Give me a minute to tell you a little about my week. Before it becomes a blur, I need to tell somebody. It’s a lot.

This week started in high gear with a to-do list that looked something like this.

Not an unbusy week. Retreat week! After groceries (1st bullet), I packed the car and left the city for the farm. So much to do.

But before I moved to the next bullet of my list, all the bullets blew up.

Covid. Stupid Covid.

What to do when you’re poised to pull the lever (we had bought all the food!), but you have to let go?

I asked a lot of questions. Sure, to people around me as we regrouped, rescheduled, and salvaged the groceries, but mostly to the universe.

One of our team members commented:

“[W]henever I come across a big disappointment I think to myself – oh man, this stinks – I wanted ‘X’… Then I swerve and think – wow, this cancellation most likely just saved me or someone I know…”

I have a similar mindset, but dammit, I’d like to know what it was and who was saved.

A bag of bullets

My bullets blew up and a new list emerged with discovery, to-do, and news bullets. These are some (not all) of the bullets:

  • Dad: we’re going to ER
  • Daughter: “We did it! We’re married!”
  • ER doc: He has Covid.
  • Me: Mask and quarantine
  • Son: “They hired me!”
  • Me: Reschedule retreat
  • Friend: “I’m coming to save the retreat food.
  • Me: Test → Negative (repeat repeat repeat)
  • Partner: “Bernice can’t walk.
  • Me: Don’t forget the eclipse.

When I started this week, Retreat was more than enough to fill it. When the week went sideways, I was suddenly the shortstop, fielding 100mph grounders.

Toes. Be on your toes.

This morning, I fielded the sad bullet. Bernice, our first foster fail, has been failing for weeks. We had hoped she would pass quietly in her sleep. She didn’t.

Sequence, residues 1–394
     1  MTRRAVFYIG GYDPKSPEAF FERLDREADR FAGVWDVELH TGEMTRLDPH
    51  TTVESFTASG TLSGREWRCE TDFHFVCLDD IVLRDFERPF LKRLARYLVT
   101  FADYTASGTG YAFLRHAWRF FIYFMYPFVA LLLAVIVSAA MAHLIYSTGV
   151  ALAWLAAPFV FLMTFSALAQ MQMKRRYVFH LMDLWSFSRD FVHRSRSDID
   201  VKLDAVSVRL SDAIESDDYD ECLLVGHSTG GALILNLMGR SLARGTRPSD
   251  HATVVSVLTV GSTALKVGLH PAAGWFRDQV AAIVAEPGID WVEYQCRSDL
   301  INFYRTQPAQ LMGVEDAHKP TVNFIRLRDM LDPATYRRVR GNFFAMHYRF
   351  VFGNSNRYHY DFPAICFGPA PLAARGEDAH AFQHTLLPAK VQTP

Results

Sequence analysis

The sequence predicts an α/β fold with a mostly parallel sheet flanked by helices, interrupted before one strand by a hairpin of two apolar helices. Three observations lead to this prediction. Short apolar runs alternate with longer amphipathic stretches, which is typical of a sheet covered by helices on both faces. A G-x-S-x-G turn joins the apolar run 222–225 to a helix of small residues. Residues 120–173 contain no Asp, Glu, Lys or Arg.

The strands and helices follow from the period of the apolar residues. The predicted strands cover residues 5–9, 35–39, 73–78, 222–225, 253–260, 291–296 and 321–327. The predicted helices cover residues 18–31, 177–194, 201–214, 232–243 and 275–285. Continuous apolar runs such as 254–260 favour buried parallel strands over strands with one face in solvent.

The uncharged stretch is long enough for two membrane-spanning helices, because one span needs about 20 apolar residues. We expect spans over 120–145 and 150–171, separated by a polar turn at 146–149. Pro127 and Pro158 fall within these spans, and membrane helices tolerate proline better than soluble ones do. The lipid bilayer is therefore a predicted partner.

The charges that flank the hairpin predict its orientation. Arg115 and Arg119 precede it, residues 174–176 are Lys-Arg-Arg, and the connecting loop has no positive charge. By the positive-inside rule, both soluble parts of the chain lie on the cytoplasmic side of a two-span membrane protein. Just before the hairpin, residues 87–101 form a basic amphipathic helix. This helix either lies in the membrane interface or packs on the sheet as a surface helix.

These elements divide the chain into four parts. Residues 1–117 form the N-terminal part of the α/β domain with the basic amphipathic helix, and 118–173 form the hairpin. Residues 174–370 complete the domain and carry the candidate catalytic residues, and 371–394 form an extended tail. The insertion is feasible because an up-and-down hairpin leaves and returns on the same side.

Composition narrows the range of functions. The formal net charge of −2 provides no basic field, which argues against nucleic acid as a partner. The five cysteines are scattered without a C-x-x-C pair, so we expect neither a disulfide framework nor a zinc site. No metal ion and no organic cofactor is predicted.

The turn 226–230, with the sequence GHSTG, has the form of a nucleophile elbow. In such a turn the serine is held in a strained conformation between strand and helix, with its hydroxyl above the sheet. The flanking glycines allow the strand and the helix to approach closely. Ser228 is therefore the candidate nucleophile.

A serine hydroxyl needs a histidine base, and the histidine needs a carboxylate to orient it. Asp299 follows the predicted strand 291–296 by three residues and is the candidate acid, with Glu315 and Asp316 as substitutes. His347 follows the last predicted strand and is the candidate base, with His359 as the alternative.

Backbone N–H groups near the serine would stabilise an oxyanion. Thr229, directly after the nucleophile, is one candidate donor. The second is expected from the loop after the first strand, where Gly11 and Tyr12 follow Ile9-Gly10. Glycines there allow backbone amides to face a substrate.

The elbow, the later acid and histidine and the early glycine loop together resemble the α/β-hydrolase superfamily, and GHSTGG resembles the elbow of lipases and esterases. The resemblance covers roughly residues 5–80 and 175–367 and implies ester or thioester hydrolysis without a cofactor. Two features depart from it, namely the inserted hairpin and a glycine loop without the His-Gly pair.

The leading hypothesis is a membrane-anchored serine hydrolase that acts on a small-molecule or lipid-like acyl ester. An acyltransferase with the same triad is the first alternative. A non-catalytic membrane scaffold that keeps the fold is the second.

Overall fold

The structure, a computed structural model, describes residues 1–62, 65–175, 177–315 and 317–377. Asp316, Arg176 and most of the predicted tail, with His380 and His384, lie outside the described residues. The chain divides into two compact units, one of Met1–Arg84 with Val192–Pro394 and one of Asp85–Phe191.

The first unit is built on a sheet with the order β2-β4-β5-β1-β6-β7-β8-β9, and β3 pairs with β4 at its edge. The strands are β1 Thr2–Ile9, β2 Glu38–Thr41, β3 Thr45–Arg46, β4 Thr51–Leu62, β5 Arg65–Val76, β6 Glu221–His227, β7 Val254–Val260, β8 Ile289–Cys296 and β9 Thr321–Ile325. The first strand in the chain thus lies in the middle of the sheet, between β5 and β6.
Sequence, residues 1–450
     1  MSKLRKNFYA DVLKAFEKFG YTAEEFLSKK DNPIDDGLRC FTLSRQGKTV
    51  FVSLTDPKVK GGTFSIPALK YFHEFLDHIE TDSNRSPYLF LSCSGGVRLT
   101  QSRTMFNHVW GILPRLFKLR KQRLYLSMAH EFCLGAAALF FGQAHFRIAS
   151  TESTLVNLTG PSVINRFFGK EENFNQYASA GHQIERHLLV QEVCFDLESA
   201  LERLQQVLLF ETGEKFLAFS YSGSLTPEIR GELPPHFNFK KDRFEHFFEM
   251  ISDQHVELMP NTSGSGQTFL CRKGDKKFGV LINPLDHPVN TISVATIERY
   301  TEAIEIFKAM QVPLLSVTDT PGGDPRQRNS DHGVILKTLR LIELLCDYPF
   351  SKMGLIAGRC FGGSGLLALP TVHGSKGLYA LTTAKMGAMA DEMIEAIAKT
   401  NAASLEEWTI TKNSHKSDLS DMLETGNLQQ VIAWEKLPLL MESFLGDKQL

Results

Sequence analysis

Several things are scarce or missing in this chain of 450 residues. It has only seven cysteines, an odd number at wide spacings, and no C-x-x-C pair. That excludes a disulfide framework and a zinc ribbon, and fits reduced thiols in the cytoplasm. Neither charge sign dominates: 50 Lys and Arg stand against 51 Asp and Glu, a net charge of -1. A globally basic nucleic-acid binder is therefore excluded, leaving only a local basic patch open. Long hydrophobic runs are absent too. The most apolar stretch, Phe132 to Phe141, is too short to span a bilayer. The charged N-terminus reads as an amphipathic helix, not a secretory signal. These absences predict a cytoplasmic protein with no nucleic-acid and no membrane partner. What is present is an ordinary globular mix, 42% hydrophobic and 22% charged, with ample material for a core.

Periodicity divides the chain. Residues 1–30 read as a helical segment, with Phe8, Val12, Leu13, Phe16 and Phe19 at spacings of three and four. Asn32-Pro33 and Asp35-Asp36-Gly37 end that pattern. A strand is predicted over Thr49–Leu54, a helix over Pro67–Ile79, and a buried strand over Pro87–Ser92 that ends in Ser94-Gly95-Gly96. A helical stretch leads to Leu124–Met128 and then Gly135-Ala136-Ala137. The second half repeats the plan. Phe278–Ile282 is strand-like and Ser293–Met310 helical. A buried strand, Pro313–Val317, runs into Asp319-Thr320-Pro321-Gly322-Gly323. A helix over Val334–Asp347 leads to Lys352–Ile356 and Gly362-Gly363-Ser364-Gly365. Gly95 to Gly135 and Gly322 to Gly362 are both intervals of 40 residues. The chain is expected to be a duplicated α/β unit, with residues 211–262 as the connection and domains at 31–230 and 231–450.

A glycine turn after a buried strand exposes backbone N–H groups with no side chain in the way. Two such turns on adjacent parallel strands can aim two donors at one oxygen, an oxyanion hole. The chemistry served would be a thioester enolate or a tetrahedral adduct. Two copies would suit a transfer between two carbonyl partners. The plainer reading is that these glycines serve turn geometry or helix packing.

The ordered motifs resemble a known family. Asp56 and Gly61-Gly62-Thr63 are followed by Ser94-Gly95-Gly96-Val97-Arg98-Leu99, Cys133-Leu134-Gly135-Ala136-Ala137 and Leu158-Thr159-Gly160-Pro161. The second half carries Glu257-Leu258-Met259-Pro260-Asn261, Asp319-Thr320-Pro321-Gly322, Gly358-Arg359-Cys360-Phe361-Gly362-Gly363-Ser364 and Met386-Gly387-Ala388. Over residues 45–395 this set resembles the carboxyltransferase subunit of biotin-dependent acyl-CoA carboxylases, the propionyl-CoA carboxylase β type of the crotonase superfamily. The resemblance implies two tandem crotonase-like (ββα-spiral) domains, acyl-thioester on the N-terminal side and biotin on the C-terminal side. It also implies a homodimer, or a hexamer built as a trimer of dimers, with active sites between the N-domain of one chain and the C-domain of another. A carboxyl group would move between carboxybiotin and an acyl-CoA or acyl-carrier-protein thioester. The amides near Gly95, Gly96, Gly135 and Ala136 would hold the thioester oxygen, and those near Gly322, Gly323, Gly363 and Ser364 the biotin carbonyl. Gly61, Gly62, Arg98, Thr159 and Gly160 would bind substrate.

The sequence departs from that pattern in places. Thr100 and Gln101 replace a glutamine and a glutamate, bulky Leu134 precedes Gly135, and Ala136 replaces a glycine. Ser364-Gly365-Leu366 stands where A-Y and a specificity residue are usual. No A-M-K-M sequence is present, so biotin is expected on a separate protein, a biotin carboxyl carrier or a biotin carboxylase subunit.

I returned to the city after three negative tests to do what no pet owner ever wants to do. It’s a lot, but it was time.

It’s a lot, and I’ve got this.

Are you still with me? Good. I do have a point: It’s a mixed bag of bullets.

Some of the bullets are fabulous. Even when you think a bag is all bad or all good, it’s not. It’s always mixed. Because the bag of bullets is mixed, the good bullets are easy to overlook. My new list included excellent bullets:

  • First born eloped.
  • Youngest found a great job in his field.
  • My friend saved the food.
  • We had a beautiful solar eclipse.

Alignment feels good even when it slides in sideways. I was where I needed to be, sitting in the vet parking lot with Bernice, waiting for a gurney. I had forgotten about the eclipse.

How was that alignment? Had I not rescheduled the retreat, I would have been out of sorts, thinking about Bernice when I should have been teaching. Also, 14 is my number, and:

  • Today is October 14.
  • Bernice and I were parked in slot 14.

Like a wink from the universe: you’ve got this. 

The solar eclipse

The sun and moon moved to cast their magic, and I noticed patterns on the pavement of the parking lot, the beautiful play of leaves, light, and shadow. I would miss most of the eclipse. By noon, the sun and moon would align, and we would be holding Bernice in a cramped room as the overdose of anesthesia gently stopped her heart.

That was a challenging bullet. And…

And there were good bullets. Dad survived Covid and tested negative for Covid today.

I am writing most of this from my backyard, in my hammock, in the light of a post-eclipse sun. This moment is a good bullet during a difficult week. It’s not the week I wanted, but I hope I met it with enough grace for my people and pets. I didn’t stop asking why? why? why? and I’m still listening for the lessons.

Maybe one of the lessons is a reminder: even when it’s a lot, I can field those grounders, stay on my toes, and pivot to reschedule a retreat. Also, even when it’s a lot, it’s not all bad.

©Pennie Nichols. All Rights Reserved. 2023